Back to the Classroom

12Sep12

Summer is over (even though it remains in the 80s in Vermont this week), which means my sabbatical is completely over. It was a great one, with a wonderful fellowship in Germany, a lot of writing, travel for lectures & conferences, and lots of quality family time. But yesterday, I returned to the Middlebury classroom for the first time in 16 months, officially marking the return to normal professional life (and a reminder of how exhausting a day of teaching can be!).

As I always do, I want to share the syllabi for my classes publicly – the two courses I’m teaching this semester are “classics” from my teaching repertoire. I’ve taught Television & American Culture every one of the 10 years I’ve been at Middlebury (excepting sabbaticals), and it formed the basis for my textbook of the same name. Most of the changes for this time involve updating readings & examples throughout, although for the first time I’m serializing a single season throughout the semester. This is something that many colleagues at Middlebury and elsewhere have tried in other courses to great success, as it builds strong semester throughlines and students hopefully get invested in the series collectively. I’ve never found a series to use for this course, as the range of topics are hard to connect to one fictional program. But this year I’m going with the first season of Homeland, not only because I think it was a great stretch of television, but because it speaks to issues of citizenship, democracy, and television coverage of politics much better than other series I’ve considered using, plus we can talk about the significance of President Obama being a fan when we discuss television consumption!

The other change this semester is that I’m incorporating one of the research projects that I worked on during my sabbatical – together with Ethan Thompson, I coedited a book called How to Watch TV that is forthcoming from NYU Press (hopefully to be released next spring in time for Fall 2013 teaching). I’ll have more to say about the book in future posts & will release some excerpts pre-publication, but the premise is that it offers 40(!) new essays from a great lineup of media scholars, each offering an analysis of a single television program from a particular critical perspective. The essays are shorter than journal articles (around 3,500 words), and designed as models for the best type of writing we might hope that our students will produce. The topics are wide-ranging – my own contribution is on Phineas & Ferb and how it offers narrative complexity for kids – and hopefully speak both to student and faculty interests. Although the book’s not available yet, I’m exercising editor privilege and assigning eight of the essays in manuscript form.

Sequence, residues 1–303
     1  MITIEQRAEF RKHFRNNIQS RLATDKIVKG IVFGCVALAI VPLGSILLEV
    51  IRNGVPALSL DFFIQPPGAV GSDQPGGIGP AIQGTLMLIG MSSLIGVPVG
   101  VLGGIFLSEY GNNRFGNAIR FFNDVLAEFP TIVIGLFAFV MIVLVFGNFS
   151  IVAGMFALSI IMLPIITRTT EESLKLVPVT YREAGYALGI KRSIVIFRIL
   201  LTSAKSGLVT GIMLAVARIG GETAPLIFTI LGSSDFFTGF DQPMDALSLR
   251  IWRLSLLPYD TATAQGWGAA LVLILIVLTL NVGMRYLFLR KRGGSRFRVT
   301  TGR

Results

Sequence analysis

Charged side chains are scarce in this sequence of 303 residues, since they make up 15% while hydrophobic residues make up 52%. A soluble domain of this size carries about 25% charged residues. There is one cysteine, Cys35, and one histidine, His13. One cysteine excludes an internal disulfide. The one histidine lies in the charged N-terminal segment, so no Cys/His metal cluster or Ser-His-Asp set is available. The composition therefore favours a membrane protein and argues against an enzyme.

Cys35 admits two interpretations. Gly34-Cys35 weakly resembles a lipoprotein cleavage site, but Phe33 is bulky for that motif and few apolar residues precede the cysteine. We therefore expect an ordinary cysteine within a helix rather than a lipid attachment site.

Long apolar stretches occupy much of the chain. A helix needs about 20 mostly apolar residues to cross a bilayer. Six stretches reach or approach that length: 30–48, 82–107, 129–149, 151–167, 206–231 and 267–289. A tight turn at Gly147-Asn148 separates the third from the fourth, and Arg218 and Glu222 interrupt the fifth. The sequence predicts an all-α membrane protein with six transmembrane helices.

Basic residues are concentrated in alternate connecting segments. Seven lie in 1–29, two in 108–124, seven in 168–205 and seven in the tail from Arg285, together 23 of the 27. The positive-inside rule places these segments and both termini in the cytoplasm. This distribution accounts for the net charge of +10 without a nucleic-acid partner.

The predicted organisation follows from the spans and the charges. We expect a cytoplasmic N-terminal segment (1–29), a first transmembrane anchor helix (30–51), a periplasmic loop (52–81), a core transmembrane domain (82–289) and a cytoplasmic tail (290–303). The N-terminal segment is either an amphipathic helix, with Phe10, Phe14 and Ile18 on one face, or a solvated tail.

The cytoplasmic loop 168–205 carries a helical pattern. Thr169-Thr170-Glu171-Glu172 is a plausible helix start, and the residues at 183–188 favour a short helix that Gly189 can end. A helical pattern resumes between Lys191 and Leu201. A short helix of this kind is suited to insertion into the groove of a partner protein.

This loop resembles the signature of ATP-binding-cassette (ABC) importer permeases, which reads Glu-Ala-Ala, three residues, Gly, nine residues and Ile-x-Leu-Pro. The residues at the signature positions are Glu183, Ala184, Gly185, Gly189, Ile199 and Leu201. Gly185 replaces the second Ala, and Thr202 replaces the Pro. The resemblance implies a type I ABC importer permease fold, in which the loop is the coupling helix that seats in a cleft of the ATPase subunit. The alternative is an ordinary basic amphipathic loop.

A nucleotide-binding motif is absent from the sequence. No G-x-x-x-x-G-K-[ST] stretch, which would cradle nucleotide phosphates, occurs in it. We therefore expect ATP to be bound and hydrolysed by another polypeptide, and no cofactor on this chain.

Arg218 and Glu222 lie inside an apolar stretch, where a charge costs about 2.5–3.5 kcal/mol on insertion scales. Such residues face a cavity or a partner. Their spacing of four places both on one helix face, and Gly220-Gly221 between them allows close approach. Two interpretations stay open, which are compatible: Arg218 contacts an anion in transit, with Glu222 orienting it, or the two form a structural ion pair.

My other course is Storytelling in Film & Media, an advanced class on narrative theory as applied to film, television, and videogames. The big addition is that I’m having students read the manuscript-in-progress of Complex TV, working through my ideas about television storytelling (and getting another source of feedback on the project). I’m also trying a new screening, watching both the film and TV miniseries versions of Mildred Pierce, while bringing David Bordwell to campus in November to lecture about the film and its relationship to classical Hollywood storytelling. I always love to teach this course, and this version is particularly exciting to me.

Add my continued duties as department chair, my attempts to finish writing Complex TV, and the regular demands and joys of family, and it’s looking like an extremely busy, but fun, semester. Hopefully I’ll have a few chances to write some blog posts and watch new TV!

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